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Christopher Cordner [34]Christopher Donald Cordner [1]Christopher D. Cordner [1]
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Christopher Donald Cordner
University of Melbourne
  1.  14
    Evil: A Philosophical Investigation, by Russell, Luke: Oxford: Oxford University Press, 2014, Pp. Vii + 236, £40. [REVIEW]Christopher Cordner - 2016 - Australasian Journal of Philosophy 94 (3):617-620.
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  2.  21
    Lessons of Murdochian Attention.Christopher Cordner - 2016 - Sophia 55 (2):197-213.
    The idea of attention was brought back into mainstream philosophical thinking about ethics by Iris Murdoch, drawing on Simone Weil. While Murdoch’s use of the idea has been reflected on by a number of recent commentators, I think its deepest lessons have largely been missed. Beginning from a recurrent and revealing misreading of Murdoch on attention, a misreading often articulated through reflection on Murdoch’s example of M and D, I want to bring out some of those lessons. It is well-known (...)
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  3. Jackson on Weakness of Will.Christopher Cordner - 1985 - Mind 94 (374):273-280.
    I begin with a resume ofJ ackson's position. I shall follow this with some counter- examples; and end with a diagnosis of why the problems with Jackson's account arise. In objecting to Jackson's account I am not presupposing the truth of one or other particular account of akrasia. What I am supposing is that unless we recognize some kind of conflict of mind as engaged at the time of action, we are not speaking of akrasia. I hive argued that Jackson, (...)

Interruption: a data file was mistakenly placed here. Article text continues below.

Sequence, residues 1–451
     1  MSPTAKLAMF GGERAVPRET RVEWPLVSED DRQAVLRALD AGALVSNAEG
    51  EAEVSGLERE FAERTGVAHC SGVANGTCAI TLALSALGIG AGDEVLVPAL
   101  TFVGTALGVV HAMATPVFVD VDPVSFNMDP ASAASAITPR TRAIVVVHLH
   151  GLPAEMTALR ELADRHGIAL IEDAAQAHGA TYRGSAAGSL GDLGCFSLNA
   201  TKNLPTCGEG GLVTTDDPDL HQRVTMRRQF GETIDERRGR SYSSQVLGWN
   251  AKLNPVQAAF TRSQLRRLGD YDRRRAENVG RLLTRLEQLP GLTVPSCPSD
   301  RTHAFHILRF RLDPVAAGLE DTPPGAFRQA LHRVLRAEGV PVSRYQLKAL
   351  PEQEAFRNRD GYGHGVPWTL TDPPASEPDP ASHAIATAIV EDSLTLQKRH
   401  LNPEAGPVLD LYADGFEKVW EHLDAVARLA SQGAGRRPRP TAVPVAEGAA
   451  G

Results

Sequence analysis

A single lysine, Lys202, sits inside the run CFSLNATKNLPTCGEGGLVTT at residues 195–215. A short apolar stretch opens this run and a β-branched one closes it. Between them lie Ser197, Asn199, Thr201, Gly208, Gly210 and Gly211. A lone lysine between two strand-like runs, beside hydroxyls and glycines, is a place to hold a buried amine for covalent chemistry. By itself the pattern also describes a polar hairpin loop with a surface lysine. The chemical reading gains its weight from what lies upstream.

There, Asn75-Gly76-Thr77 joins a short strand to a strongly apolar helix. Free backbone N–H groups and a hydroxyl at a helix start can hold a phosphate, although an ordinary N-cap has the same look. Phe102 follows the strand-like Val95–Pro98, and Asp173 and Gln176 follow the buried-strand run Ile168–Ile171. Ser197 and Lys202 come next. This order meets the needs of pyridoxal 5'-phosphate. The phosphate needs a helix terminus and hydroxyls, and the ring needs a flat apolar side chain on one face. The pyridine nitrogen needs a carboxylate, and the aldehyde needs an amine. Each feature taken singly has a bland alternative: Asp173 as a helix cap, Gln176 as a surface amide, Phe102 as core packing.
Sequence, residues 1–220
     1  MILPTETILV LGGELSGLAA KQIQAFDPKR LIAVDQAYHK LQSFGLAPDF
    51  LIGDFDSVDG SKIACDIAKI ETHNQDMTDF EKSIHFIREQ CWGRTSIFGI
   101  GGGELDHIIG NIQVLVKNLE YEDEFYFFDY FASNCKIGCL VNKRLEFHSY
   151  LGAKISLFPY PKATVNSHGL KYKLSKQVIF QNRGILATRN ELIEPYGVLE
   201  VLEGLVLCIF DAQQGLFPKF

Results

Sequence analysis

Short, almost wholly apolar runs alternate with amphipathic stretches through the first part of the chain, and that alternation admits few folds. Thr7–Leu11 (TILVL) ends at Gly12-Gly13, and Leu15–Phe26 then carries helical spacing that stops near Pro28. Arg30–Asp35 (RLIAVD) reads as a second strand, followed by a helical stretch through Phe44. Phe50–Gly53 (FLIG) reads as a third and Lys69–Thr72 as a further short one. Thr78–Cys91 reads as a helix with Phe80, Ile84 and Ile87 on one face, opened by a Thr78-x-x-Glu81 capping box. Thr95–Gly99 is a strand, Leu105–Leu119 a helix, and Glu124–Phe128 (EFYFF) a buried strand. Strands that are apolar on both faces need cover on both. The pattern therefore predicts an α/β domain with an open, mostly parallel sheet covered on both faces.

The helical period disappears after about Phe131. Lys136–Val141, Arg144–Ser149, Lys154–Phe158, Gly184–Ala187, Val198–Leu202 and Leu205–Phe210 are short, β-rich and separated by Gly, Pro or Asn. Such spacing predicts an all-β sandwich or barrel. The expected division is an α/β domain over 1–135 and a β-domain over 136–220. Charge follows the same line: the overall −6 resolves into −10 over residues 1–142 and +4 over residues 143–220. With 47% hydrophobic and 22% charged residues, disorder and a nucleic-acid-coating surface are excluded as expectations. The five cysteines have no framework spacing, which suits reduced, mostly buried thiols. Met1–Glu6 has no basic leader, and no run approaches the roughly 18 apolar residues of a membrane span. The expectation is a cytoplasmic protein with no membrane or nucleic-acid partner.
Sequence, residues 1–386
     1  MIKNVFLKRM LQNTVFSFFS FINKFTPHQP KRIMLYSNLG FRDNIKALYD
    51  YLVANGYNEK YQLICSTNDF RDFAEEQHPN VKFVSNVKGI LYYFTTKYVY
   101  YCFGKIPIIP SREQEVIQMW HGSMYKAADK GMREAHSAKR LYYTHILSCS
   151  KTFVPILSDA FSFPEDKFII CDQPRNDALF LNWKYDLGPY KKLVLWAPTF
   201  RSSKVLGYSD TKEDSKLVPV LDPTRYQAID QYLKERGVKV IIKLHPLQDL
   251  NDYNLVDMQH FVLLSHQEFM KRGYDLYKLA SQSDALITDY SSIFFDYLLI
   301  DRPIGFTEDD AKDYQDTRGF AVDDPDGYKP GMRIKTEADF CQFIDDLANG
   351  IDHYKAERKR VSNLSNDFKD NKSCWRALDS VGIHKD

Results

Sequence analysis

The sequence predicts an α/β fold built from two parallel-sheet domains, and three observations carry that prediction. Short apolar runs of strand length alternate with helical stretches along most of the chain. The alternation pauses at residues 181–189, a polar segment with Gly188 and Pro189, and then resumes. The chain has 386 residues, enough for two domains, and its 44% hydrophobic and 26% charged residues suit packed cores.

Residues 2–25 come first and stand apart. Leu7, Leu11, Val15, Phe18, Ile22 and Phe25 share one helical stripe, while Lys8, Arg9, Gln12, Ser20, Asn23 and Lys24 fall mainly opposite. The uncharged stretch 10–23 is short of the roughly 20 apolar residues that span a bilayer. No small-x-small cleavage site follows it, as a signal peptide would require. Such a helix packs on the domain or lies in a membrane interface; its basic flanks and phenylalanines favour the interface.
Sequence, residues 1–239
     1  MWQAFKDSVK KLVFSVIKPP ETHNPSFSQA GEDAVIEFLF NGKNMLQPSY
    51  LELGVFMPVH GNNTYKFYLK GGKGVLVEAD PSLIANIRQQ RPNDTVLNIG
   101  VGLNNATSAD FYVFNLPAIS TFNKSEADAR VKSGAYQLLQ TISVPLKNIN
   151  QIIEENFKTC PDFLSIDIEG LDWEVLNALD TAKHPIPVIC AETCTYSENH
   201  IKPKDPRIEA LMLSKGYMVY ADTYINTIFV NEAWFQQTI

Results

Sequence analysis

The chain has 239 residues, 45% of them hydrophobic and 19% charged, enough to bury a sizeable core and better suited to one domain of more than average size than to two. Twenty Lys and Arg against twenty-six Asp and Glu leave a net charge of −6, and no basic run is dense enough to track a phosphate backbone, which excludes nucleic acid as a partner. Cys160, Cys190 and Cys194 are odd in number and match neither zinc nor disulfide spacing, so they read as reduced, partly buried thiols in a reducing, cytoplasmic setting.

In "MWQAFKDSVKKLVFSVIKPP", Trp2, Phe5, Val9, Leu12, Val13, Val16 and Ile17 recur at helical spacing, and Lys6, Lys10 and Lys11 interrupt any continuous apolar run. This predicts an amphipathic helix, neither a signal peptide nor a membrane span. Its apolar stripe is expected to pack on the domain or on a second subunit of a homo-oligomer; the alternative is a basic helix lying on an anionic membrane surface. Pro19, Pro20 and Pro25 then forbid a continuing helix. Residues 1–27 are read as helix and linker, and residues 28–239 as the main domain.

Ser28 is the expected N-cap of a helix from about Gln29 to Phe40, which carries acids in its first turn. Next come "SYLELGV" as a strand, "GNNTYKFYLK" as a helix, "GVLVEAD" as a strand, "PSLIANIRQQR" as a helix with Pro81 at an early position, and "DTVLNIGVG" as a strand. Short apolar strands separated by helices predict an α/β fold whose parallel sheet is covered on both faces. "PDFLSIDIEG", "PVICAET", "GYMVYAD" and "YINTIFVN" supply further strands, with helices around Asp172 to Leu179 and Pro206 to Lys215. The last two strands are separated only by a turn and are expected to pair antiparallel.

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  4.  85
    Two Conceptions of Love in Philosophical Thought.Christopher Cordner - 2011 - Sophia 50 (3):315-329.
    I distinguish, describe and explore two different conceptions of love that inform our lives. One conception found its classic philosophical articulation in Plato, the other its richest expressions in Christian thought. The latter has not had the same secure place in our philosophical traditon as the former. By trying to bring out what is distinctive in this second conception of love, centrally including its significance in revealing the fundamental value of human beings, I aim to show the importance of extending (...)
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  5.  25
    Differences Between Sport and Art.Christopher Cordner - 1988 - Journal of the Philosophy of Sport 15 (1):31-47.
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  6.  93
    Foucault, Ethical Self-Concern and the Other.Christopher Cordner - 2008 - Philosophia 36 (4):593-609.